Last night I had a dream that I was giving a talk in front of a large group of women. I don’t know the topic of the talk, but there I was, on the stage of a hundred person lecture hall droning-on, on. . .Oh yeah, I was also shaving my armpits.
Guess I was wearing a tank top, because I alternatively raised my right or left arm to expose a pit–never missing a beat in my oration–and attack those bristly hairs with a razor. I wasn’t even looking–lord knows how I didn’t die bleeding in front of my audience. The hair kept growing back (the loaves and fishes of armpit hair)–an entire lecture-worth of shaving labor. That’s not the weird part though. The weird part was that the women were all about it. Swipe the razor in one direction and up rose a chorus of “Mm-hmmms.” Zig the razor elsewhere–vigorous nodding, smiling, and eye contact. If I didn’t know better, I’d say that they were there for this show of personal hygiene rather than my ideas about . . . (even I was more interested in the shaving then the lecture.)
I blame Maltz and Borker (he he: their names remind me of Borgin & Burkes of HP’s Diagon Alley) and their article, “A cultural approach to male-female miscommunication” (1985?). I was reading it right up till bedtime. In they article, they construct a list of “Women’s features” (aka features of women’s language that appear to distinguish female speech behaviors from male speech behaviors): 1) Women tend to ask more questions, 2) Women are charged with doing the “shitwork” in conversations, 3) WOMEN SHOW A GREATER TENDENCY TO MAKE USE OF POSITIVE MINIMAL RESPONSES, ESPECIALLY “MM HMM,” 4) Women engage in silent protest when they feel they’ve been conversationally wronged, and 5) Women use “we” so that everyone feels included.
Fade-back to my dream. I am surrounded by women who feel the need to affirm my *choice* to shave my armpits in front of them. A shitty job–mine and theirs.
There’s a lot of interest in the Maltz and Borker piece. I disagreed with most of their conclusions, but I have to present on this tomorrow, so I am going to try to spend some time now thinking of what is still useful in the piece. Affirm. Affirm. The trouble is that the other article we read for class pretty much addresses everything useful and everything silly in the Maltz and Borker.
I suppose what I like about the Maltz and Borker is that they fly in the face of what the “deficit approach” for explaining difference in communication. It *tries* to show that men and women speak differently by not unequally–each type of speech having its own advantages and merits. A pretty thought. A cuddly thought. Once we all understand each other, we will all get along. OK. The question that I suppose arises from this is whether or not “getting along” should be a goal. Uchida shows us the consequences of miscommunication. And those aren’t good (I’ll let you guess which gender loses out in instances of ‘cross-cultural’ male-female conversation). But is “understanding” better? Understanding means that everyone has an excuse, nothing has to change. . . They also raise the provocative question of where difference is greatest: Is it in adulthood (where men and women communicate cross-culturally, and where, therefore, miscommunication is more likely to appear)? Or, is it in childhood, when we are still learning to perform gender roles and when, perhaps, we exaggerate our performance to prove our differences from ‘others’?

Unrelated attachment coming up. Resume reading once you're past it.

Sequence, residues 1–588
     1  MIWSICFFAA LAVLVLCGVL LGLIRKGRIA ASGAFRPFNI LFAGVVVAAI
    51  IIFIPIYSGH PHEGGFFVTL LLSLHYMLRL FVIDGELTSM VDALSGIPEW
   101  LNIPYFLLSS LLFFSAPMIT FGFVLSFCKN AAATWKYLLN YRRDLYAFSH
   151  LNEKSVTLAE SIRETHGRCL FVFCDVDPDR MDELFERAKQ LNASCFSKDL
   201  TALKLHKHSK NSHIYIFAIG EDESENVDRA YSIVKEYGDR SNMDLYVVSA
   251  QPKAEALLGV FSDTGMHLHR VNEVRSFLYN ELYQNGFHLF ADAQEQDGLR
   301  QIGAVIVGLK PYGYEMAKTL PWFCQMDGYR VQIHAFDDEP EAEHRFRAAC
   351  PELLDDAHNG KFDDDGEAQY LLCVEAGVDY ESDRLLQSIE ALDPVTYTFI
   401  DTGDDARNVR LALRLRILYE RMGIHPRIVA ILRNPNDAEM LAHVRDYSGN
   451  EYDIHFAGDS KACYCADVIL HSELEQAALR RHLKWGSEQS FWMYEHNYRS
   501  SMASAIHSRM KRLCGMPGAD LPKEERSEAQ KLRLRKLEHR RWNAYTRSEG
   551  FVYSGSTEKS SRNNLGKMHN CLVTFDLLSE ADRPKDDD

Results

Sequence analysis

In all their talk of the importance of context (“Different types of interaction lead to different types of speaking” p. 215) they fail to see the larger context — they see individuals, and absolve them of intention; they see communities and use community characteristics as evidence that practices are different but equal; they fail to see culture on a macro-level–where institutions and systems pull the metaphoric strings. Where do all Maltz and Borker’s test subjects live? Truman-show bubbles? Oh wait, they don’t have any subjects. . .
I am really doing a terrible job.
So, I guess this is what I will add to the discussion. I am calling it the Tina Fey intervention. Maltz and Borker say: “These problems are the result of differences in systems of conversational inference and the cues of signalling speech acts and speaker’s intent” (p. 201). In other words, when ‘miscommunication’ happens, it’s no one’s fault–we should assume that everyone is intending to be friendly to one another. They frame the cross-cultural conversations which are the topic of their analysis as “conversation between equals” (pg. 215). Uchida (who I pretty much always agreed with) offers: “An analysis of miscommunication must take into consideration who gets what they want, who is punished, who is forgiven, and in what ways–both on the individual level and on the societal level–after the miscommunication” (526). Instead of offering a solution to a problem, she offers another ways of conceptualizing the problem.
Then there is Tina Fey–the author of Bossypants, famous comedian (yadda, yadda–see Aubrey’s blog). She offers a revision of what miscommunications AND a model for changing those patterns: “Do your thing and don’t care if they like it” (http://www.slate.com/articles/technology/top_right/2011/07/we_didnt_come_to_saturday_night_live_to_be_cute.html). In this view, dominance is recognized and a model of how to subvert dominance is presented (it involves scaring Jimmy Fallon and is well-worth the read).
After reading Fey, I wonder whether or not this move is the move that matters. We can think,think,think but even if we fully see the shit hole (or armpit. . .), isn’t it likely we are still inside it?